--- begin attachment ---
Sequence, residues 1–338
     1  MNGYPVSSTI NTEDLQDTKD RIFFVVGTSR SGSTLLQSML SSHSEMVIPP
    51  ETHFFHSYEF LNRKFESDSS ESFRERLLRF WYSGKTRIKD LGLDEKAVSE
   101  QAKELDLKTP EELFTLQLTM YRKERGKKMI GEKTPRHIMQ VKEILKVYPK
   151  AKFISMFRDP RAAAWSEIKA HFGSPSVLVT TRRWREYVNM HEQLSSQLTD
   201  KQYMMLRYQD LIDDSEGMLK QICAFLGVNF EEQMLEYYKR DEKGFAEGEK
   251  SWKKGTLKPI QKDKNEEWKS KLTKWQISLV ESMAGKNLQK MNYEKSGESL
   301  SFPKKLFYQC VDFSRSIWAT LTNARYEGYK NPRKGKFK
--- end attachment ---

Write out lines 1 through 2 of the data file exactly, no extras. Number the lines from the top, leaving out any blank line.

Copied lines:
Sequence, residues 1–338
     1  MNGYPVSSTI NTEDLQDTKD RIFFVVGTSR SGSTLLQSML SSHSEMVIPP